Cambodia — Cambodia is a country awash with change. A couple of years ago tourism wasn’t a big thing. It was full of journos, NGO workers and their big SUVs and extravagant lifestyles and a few photographers. Now it’s a top destination for anyone wanting to see a fantastic country recovering from a terrible past.
Russia — There is something about Russia, can’t put my finger on why I loved being there, but I will be returning next year to do a longer documentary about the region
Thailand — Oh Thailand, so much fun I decided to live there for two years and had some of the best times. Truly an amazing country
PP: How were they different or similar to each other?
DC: I think it was the people. Each country had a past event that had defined the people, and this made for a more interesting outlook on life.
PP: When and why did you start Hmmm?
DC: It was started in 2004 as a reason for me to force myself to learn to see and take better pictures. About that time, the photoblog scene was exploding, so it was good to see fellow photographers learning. I’ve since become good friends with a few of them, namely Frisky (Faisal) and a few others.
PP: Where do you get your photographs developed?
DC: For the most, I do them myself. When time is of an issue, the local lab here in Durban, South Africa, does them and I then scan using my Macon.
PP: Why do you shoot film rather than digital? Have you shot much with digital before?
DC: I shoot with what ever does the job for me. I did have mostly digital, Canon 1d with the usual arrangement of lenses, but found it was too big and really attracted attention to me when I was using it. Also I got annoyed with the amount of post production needed when shooting digital on the Canons. In a mad state I sold them all and got a Leica M6 with 50mm Summicron and haven’t looked back.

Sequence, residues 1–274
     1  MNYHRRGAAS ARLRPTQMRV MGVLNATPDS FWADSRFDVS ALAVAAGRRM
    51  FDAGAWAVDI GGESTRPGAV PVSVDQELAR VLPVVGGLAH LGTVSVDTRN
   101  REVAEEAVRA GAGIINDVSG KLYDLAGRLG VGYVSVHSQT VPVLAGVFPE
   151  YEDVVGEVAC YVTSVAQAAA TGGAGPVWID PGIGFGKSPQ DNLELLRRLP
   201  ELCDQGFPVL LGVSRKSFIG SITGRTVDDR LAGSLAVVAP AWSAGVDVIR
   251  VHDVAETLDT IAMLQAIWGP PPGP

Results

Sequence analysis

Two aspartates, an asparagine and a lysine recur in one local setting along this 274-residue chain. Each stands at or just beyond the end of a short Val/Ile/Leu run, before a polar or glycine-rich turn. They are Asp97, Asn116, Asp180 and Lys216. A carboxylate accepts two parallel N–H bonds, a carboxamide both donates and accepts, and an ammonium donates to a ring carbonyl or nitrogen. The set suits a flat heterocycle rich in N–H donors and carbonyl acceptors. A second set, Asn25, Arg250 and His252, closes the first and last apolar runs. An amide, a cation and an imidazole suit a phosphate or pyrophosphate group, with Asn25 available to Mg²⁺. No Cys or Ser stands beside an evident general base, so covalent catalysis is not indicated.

For fashion work, it is mainly digital medium format. Clients love to have that instant feedback during a shoot. This actually makes it harder as you have 10 people telling you how to do it behind your back. Right now I have a healthy balance of film and digital with a Rollei 6008 and Leica M6/M8 and they seem to work well with my workflow.
PP: Would you recommend that a beginning photographer start with film or digital? Why?
DC: I think start with what you are comfortable with. I’m bored of the arms race that is the DSLR game right now. Everyone tries to keep up with this model and that model, yet all seem to take rather boring pics. How about getting a camera, any camera and really learning how to use it. Make mistakes, learn from them and enjoy yourself. That 5 year old digital camera is still good, still can produce good files. Remember that camera companies don’t want you to buy older stuff, it hurts their bottom line.
Going back to the question about film or digital, I think with film you are more disciplined. You have 36 exposures (35mm) or 12 (120), so you generally think more about the shot. However, with digital you get instant feedback, which is also good when learning. Use both.
PP: Are there any personal tricks you’ve picked up along the way that have helped you in your photography?